There are many preconceived notions when it comes to a woman’s role in the home. It isn’t difficult to find two very polar opposite views in regards to the definition of a housewife and mother. The polar opposites can be quite deafening and the progression of this role, in modern society, has created a level of insecurity, but that need not be the case. In the process of giving women more “freedom” in the workplace, the joys, the sacrifices, and the accomplishments in the home have been negated. By the accepting of daily trials, the momentary satisfactions, and the desire to love, a woman may create a home environment of warmth, beauty, love, and compassion for her family. It is through the dedicated vocation of a wife and mother that she becomes “queen of the home.”
Modern society chooses to ignore the two differing, but necessary and effectual, roles of the husband and wife. It is a secular and simplified assumption that the woman washes the dishes and the man cuts the grass. No, God has given a husband and wife much more complex qualities that interweave at deeper levels for the benefit of the family. As a man instinctually desires to provide for the family, the woman innately spends her undying moments protecting the family. This is not in the sense of her going into a physical battle (though that could always be a possibility), but in the preservation of the family unit. The woman observes and delegates on a micro-level for the family: the daily house chores, the clothing of the children, the scheduling of activities, and the education of the children, especially in regards to the Catholic Faith. Whereas, the man naturally views the family on a macro-level: the providing of the financial means and the caring for the family as a spiritual shepherd. It is by joining these two differing, but necessary roles, that the family unit is protected from outside harm.
Do not be mistaken that these traits are isolated into boxes that cannot be adjusted based on family dynamics and additional factors, but generally speaking, women are given the gift to view minute details in the home, whereas, men take a macro approach to family life. Neither quality can be defined on a scale of good versus bad, instead they should be appreciated and viewed as necessary for a well-functioning family life.
Addressing these God-given gifts is quite necessary for a woman to understand her role as “queen of her home.” The home is more than just a place to sleep or to eat. It is not meant to be a museum or an architectural monstrosity. Ultimately, many families desire it to be a place of peace and joy. Subjectively, of course, no family is without difficulty. But where and how does the home magnify joy? It begins with the wife. She is the queen of the home, not in the form of dictatorial rule, but through efficiency, joy, love, and consistency.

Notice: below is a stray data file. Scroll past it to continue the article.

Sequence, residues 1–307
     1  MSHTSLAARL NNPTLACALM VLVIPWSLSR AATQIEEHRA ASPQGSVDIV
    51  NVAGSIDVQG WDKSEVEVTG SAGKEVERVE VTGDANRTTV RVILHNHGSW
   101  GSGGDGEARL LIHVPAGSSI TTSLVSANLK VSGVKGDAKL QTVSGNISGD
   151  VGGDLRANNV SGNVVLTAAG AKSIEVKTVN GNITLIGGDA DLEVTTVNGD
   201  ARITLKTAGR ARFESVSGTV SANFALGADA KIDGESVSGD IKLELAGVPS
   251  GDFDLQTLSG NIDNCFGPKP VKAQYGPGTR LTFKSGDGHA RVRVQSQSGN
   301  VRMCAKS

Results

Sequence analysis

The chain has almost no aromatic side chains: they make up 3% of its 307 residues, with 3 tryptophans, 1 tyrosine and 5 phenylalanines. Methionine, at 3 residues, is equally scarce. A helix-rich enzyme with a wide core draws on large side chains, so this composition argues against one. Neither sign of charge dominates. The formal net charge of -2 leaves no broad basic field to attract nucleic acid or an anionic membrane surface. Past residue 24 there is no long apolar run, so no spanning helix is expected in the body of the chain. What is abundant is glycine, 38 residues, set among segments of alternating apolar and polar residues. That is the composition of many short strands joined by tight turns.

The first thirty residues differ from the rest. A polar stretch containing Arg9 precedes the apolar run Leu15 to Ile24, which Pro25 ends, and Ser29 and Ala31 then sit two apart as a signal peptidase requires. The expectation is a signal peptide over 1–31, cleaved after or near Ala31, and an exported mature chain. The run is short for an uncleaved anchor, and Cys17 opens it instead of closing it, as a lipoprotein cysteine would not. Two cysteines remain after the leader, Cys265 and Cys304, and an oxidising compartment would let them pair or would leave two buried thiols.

The most perfect woman to emulate is the Blessed Mother, who truly was queen of the home. Through her patience, humility, and love, she provided a home for her family no matter where they lived. It would be naïve to assume the flight into Egypt bore no stress upon St. Joseph and the Blessed Mother, but it was through the spiritual direction of St. Joseph and the faithfulness of the Blessed Mother that the Holy Family moved their home to a distant land. These are truly the markings of a queen of the home who desires to protect and love her family amidst any and all sufferings.
Through the example of Our Lady, women are offered a perfectly balanced view of this God-given vocation. Too often, women find themselves on one side or the other when defining their positions in the home: this can be a fault of both extreme conservativism and distorted progressive ideas. The notion that a one size fits all is quite absurd, because there is no one size box for sainthood. The vocation of a wife and mother should be adhered to and progressed with the ultimate goal of pleasing God by the keeping of His Laws, the resolution to daily live in His presence, and to protect and care for those He has entrusted to her. It is through these achievements that women will truly become a queen of their home and God-willing, saints in heaven one day.
Painting: La Sainte Famille by Giovanni Battista Salvi da Sassoferrato (1609–1685) and unknown author.
Danielle Heckenkamp is a wife and mother of six children. In her spare time, Danielle works as a freelance writer for a variety of Catholic publications.